In my twenty plus years as a journalist, there were some occasions when I was seen and addressed by some of my colleagues as a Muslim. This includes my avatar as a media entrepreneur also. I have been a media entrepreneur in the past five plus years. I interviewed a candidate for the post of Editor of the digitally native journalistic content ecosystem (IPPODHU) I have been running. At the end of the interview, she told me this: “You seem very balanced. But the perception about you is that you are anti-BJP.” BJP or Bharatiya Janata Party is the ruling party of India. It has its ideological origins in the Rashtriya Swayamsevak Sangh (RSS). Both the BJP and the RSS want to convert India into a Hindu majoritarian state where the non-Hindus will have no say in any decision-making.
I was talking to many Muslim friends in mainstream Tamil language media about their experiences in the newsrooms. Ignorance of Islam and Muslims is a reality they have to grapple with. A famous editor of a Tamil newspaper believed that the Muslims worshipped both God and Prophet Muhammad. He was telling his Muslim friends that “You guys never told me that you worship only God.” A former legislator of Tamil Nadu Assembly was telling him that “You had read so much on Islam and Muslims. I thought it would be underestimating your intelligence if I come and tell you about the basics of my belief system.”
In Tamil newsrooms, especially those of newspapers, you find very few women. One of the earlier researches published in Columbia Journalism Review (CJR) inferred that the composition of our newsrooms defined the content of the news product. It was Ms. Vaasanthi, the first woman Editor of India Today magazine’s Tamil edition who offered me the first job in journalism. Collaboration, nurturing, and flexibility are the most defining characters of women leaders in newsrooms. For more Muslims to be hired in Indian newsrooms, I think there should be more women editors in Indian newsrooms.
Today, it is Kavitha Muralidharan, my colleague at India Today, who brought me here as a Speaker. Empowerment of Muslims in Indian newsrooms is directly connected to gender equality in Indian newsrooms. Inclusion of the underprivileged sections of Indian population in Indian newsrooms is possible only when more women get positions of power in the newsrooms. It was Ms. A.T.Jayanthi, Editor, Deccan Chronicle, who empowered me to the position of the Chief of Bureau, Chennai in 2010. Institutionalization of discrimination is a major challenge both women and Muslims have to deal with in our career as a journalists.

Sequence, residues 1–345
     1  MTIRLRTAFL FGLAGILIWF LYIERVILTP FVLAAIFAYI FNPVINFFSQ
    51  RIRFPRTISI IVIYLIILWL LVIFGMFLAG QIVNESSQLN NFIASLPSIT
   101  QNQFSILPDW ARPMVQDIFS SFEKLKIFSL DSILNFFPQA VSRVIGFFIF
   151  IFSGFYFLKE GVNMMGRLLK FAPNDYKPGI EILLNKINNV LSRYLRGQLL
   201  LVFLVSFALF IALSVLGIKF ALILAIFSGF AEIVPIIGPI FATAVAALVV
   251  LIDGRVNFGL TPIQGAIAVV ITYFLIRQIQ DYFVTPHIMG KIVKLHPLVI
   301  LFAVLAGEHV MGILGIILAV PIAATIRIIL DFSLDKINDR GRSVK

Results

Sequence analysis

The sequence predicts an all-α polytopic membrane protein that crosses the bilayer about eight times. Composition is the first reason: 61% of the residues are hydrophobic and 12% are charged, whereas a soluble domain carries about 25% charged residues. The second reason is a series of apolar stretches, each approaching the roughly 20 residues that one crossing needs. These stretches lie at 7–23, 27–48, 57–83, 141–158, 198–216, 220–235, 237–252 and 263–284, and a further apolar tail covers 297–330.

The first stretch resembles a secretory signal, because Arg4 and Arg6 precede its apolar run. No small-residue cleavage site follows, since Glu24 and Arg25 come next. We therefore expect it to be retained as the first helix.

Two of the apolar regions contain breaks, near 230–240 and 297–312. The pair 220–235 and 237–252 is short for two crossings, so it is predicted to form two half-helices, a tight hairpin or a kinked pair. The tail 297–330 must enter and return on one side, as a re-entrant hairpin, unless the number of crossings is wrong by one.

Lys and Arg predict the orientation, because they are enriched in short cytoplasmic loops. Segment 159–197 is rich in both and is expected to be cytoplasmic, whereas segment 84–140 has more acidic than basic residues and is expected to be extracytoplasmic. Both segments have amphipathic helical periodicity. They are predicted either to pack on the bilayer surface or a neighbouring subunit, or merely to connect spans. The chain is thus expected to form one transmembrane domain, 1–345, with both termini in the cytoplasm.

During the 1999-2004 NDA regime in Delhi, I was working with the Tamil edition of India Today. My Editor (Not Vaasanthi) called me to his room one day in 2003 and told me this: “Now, we have the BJP ruling at the Centre. You cannot be opposing them and be peaceful here.” I was not doing anything revolutionary at that time except making pages on Quark Express and translating stuff written by the journalists in Delhi. There were occasional original hyper-local journalistic stuff done by me. These articles have no direct connection whatsoever with the BJP.
Then came the Khushboo interview in September 2005 when she told me that no educated man will expect his bride would be a virgin. That became the fodder for the patriarchal, chauvinist political forces in Tamil Nadu to target Khushboo, one of the champions of free speech in the state of Tamil Nadu. Thanks to the controversy, I had to translate the column into English and get my first English credit line in India Today. In 2007, I took up an English journalism job with Deccan Chronicle. Senior journalist Bhagwan Singh had the confidence to let me into the English stream of journalism. Senior journalist Sanjay Pinto has given me the first opportunity in television journalism in 2010. A job at NDTV-HINDU (A collaboration between New Delhi Television and The Hindu) , a metro television channel serving Chennai city.
I call Srinivasan Seetharaman, founding editor of Puthiya Thalaimurai TV, my mentor. A Brahmin Tamil with a cosmopolitan worldview, he propelled my growth in television journalism with several empowerment measures. In my five plus years as a media entrepreneur, Dhanya Rajendran of The Newsminute and N.Ram of The Hindu have been wonderful sources of strength and support. Dr.Shubashree Desikan, my life partner, has been a pillar of support since I met her in 2002.
I propose the case for more women in Indian newsrooms, not just for the reason that women empowered me the most in the newsrooms. As diversity increases in newsrooms with the women in decision-making roles, the content diversifies and the resultant economy proliferates.
(This is a talk delivered by me at the Network of Women in Media (NWMI) conference, Chennai in January, 2018)